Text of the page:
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Bar News - June 23, 2006


Court Apparel Should Show Proper Respect

 

This editorial was reprinted with permission from the Portsmouth Herald, May 12, 2006.

 

There was a time when people were proud to dress neatly, cleanly and (if they were lucky) attractively. Those days seem to be gone forever.

           

More to the point, [the Portsmouth Herald] recently ran an article that focused on clothing “styles” in the local district courtroom. The article made it clear that slovenly dress has metastasized its way in from the street, up the stairway, into the courtroom, across the bar enclosure, and now has sat itself at the defendant’s table.

           

Right here in the Port City.

           

Admittedly, people summoned to our district court for alleged violations of the law have no choice but to be there. In fact, an arrest warrant would be issued if they did not show up.

           

These same people also have the constitutional right to a fair trial. Indeed, the New Hampshire state Constitution requires that these defendants will be tried by judges and juries “as impartial as the lot of humanity will admit.” (Candidly, we wish we were the author of that glorious phrase.)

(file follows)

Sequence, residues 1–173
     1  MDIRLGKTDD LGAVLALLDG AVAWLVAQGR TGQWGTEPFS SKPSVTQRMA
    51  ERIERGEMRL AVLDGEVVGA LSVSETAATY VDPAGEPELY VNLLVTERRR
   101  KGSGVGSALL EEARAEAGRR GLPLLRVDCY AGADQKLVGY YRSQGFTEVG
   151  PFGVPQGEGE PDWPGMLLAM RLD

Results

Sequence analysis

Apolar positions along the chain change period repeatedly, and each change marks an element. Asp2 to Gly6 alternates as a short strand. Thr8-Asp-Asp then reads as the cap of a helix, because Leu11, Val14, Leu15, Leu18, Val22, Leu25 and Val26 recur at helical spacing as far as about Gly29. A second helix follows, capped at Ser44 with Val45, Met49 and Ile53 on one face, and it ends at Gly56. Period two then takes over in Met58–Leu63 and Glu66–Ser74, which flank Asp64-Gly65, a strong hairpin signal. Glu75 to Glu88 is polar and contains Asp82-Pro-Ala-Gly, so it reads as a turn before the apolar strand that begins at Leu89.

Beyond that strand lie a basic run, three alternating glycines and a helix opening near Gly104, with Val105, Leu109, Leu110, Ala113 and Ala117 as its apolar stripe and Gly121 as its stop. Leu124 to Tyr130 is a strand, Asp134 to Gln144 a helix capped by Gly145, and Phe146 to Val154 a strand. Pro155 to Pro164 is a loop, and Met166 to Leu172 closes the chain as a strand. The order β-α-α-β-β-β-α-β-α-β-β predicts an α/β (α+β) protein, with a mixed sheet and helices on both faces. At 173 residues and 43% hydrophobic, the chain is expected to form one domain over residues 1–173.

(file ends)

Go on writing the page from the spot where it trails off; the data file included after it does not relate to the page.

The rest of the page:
Well, the people of the state of New Hampshire have some rights, too, and one of them is the right to some respect from these defendants.

           

After all, the people of New Hampshire have gone to great expense to make sure that justice is achieved in our courts, even for people who do not have enough respect for themselves to dress appropriately.

           

Remember, Americans have died face down in the mud to make our country free and just. Our courtrooms are a daily celebration of that sacred memory.

           

Enforcing a “dress code” in the local courtroom may be about as much fun as being a hall monitor in high school. (Of course, the hall monitor is now being replaced by Officer Friendly, and you might have to pass through a metal detector to get into the hall in the first place. That’s another matter for another day.)

           

But we think that enforcing a dress code in the courtroom is an effort worth making. There are more important matters to deal with, for sure, but this should be done.

           

We want the judges to know that they have our full support in this.

 

 

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